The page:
Norik’s warm ups were not the greatest.  Around 120k he began complaining about his catch position.  He felt unstable and inconsistent when receiving the bar overhead.  Norik is a very laid back lifter and to me as his coach, he was almost TOO tight in the catch.  He has an incredible ability to look relaxed in his snatch catch with his scapula almost entirely depressed.  From 120k-160k, Norik was tight and not receiving the bar as normal. I believe nerves had something to do with this positioning.  He still was able to move 140k extremely fast, in my mind I knew Norik would be fine on the platform because the pulls looked very consistent, all that seemed off was his catch position.  This prompted me to think that once he stepped on the platform, he would be much more comfortable than in the back room where you could cut the intensity with a knife!!!
When we took 160k in the back, Norik was still about 8-9 lifts out from taking the platform.  He missed.  Flustered, he asked to have the weight tightened up and asked if he had time to take 160 again.  We had the time, he was pissed, regrouped and came back to smoke 160k.  This put him in a decent mindset to head out and take 165k for his opener. 
Norik went out and crushed 165k on the platform to get him into the meet.  It’s the little things that people need to take from elite athletes like Norik and Kendrick Farris.  On his approach to the platform, Norik stumbled on a lip that was behind the platform and that others had stumbled on as well.  It did not faze him, nor did he even remember it.  Something like this could easily distract a lifter and get them out of their mindset but the best athlete’s in the world have one focus and that is the competition!  As I thought, he looked much more comfortable in his catch position at 165k and this led me to believe something big could happen in the snatch.  He wanted a bit of rest before his next attempt so we bought him some time.  Colin Burns missed his first attempt at 168k which gave Norik a little more time before Burns came back to make 168k (Burns is one of the lifters that impressed me in warm ups. He looked shaky, missing 140k but proceeded to regroup and look crisp as he ascended to his opener at 164).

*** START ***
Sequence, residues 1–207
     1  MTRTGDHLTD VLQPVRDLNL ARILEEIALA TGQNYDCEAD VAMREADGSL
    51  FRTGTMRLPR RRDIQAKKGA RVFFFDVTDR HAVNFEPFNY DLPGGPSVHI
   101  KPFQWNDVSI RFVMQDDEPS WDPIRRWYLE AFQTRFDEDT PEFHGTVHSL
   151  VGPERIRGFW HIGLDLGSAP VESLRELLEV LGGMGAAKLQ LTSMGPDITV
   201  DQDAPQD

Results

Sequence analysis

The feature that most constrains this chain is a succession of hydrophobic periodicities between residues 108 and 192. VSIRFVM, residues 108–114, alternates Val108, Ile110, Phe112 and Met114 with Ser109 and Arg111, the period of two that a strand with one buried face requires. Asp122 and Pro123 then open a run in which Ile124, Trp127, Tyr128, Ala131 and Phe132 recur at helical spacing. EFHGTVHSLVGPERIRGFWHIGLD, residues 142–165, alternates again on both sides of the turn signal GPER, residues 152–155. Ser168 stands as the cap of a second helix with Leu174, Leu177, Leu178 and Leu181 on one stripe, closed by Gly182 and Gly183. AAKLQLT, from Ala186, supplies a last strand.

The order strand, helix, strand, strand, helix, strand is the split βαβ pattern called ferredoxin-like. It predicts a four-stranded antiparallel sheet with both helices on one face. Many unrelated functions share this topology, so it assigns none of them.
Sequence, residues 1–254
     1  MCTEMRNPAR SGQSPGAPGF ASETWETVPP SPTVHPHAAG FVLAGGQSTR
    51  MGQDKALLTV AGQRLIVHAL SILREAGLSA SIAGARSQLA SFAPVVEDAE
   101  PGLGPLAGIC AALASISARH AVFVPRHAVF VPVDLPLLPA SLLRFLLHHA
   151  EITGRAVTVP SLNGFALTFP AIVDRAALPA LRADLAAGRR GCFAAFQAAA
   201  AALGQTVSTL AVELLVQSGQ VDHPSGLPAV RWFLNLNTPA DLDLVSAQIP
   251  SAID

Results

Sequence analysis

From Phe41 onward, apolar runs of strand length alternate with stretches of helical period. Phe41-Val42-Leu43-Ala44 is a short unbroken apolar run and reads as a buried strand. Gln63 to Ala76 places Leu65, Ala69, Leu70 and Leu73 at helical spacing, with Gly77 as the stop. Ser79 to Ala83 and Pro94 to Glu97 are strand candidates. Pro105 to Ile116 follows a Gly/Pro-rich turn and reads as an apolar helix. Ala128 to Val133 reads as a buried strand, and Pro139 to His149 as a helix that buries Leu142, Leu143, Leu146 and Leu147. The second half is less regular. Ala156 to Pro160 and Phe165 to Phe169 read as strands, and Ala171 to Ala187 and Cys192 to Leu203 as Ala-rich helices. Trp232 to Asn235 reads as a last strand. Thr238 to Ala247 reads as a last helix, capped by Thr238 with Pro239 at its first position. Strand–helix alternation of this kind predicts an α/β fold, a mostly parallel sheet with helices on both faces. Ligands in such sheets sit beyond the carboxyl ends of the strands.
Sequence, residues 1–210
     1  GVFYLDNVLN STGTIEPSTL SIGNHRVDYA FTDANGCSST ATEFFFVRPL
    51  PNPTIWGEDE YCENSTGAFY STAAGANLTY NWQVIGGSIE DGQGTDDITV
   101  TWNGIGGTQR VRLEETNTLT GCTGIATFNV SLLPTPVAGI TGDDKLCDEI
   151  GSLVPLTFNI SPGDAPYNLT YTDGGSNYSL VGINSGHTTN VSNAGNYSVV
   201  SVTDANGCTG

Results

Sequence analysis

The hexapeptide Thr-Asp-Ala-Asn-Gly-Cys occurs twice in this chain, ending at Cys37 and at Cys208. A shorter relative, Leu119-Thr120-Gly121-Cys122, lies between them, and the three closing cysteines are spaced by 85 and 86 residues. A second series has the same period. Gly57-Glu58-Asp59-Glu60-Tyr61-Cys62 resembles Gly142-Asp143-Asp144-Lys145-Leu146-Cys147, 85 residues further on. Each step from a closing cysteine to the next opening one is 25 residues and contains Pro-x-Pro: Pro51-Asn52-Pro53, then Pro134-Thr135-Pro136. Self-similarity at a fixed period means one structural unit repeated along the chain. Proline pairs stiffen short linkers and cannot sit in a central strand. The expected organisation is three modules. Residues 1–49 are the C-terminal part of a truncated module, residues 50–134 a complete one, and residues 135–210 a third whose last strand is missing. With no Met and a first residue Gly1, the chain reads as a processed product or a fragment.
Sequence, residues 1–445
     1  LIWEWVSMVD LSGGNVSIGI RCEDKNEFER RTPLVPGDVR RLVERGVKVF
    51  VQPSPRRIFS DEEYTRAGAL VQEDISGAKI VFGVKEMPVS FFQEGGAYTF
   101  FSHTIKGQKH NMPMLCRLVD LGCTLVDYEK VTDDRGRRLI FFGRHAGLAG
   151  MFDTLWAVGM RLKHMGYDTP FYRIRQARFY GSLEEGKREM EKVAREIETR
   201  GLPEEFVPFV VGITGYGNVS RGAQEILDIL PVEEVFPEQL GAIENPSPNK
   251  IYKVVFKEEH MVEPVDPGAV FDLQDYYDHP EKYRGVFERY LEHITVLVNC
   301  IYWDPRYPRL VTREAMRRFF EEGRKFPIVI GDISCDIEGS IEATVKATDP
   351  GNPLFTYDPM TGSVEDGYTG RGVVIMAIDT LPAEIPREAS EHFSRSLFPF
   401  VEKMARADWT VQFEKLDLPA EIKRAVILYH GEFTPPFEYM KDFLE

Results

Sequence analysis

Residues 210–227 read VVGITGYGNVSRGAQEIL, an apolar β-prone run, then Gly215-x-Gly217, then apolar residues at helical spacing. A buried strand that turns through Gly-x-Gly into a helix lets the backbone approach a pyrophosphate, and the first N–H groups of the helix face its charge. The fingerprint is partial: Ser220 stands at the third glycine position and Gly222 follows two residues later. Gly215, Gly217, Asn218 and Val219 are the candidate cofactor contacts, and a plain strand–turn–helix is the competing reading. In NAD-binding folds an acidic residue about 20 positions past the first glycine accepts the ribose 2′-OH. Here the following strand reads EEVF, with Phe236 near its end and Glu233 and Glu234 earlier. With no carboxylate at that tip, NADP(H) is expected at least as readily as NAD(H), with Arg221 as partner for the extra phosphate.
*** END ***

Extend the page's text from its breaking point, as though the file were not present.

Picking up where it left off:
When Norik went out for 169k, I felt relatively certain he would hit the weight and put him in position to break the American record.  This had been part of the goals discussion and Norik is an athlete that has incredible focus when it comes to setting goals and accountability.  He walked out, let the clock run low and then blasted 169k better than he had any other lifts during warm ups.  Is this normal? I believe so.  Coaches ALWAYS want every warm up attempt to be the best attempt they take, but in reality, the best lifts in regard to speed and technique should be done on the platform, the last attempt being the best attempt of the day!  When Norik came off the platform, he made sure I knew 169k was easier than 165k and he wanted 172k but with some time. 
After some jockeying with the cards, 172k was loaded on the platform.  We knew that 172k was a special number, not only would it break Norik's American record, it also would put him in great position heading into clean and jerk.  After some quick back massaging, some solid leg slaps and some explicit words of encouragement, Norik went back on the platform for 172k.  Time wound down on the clock and Norik took 172k for a smooth ride.  Technique was bullet proof and the catch was typical for a Vardanian lift.  The 172k snatch record at 94k is arguably one of the best in the books.  I believe that record stands up there with Oscar Chaplin’s records at 77k and 85k and even Shane Hamman’s 197.5 snatch. 
Stay Tuned for Part 2: The Clean and Jerk Portion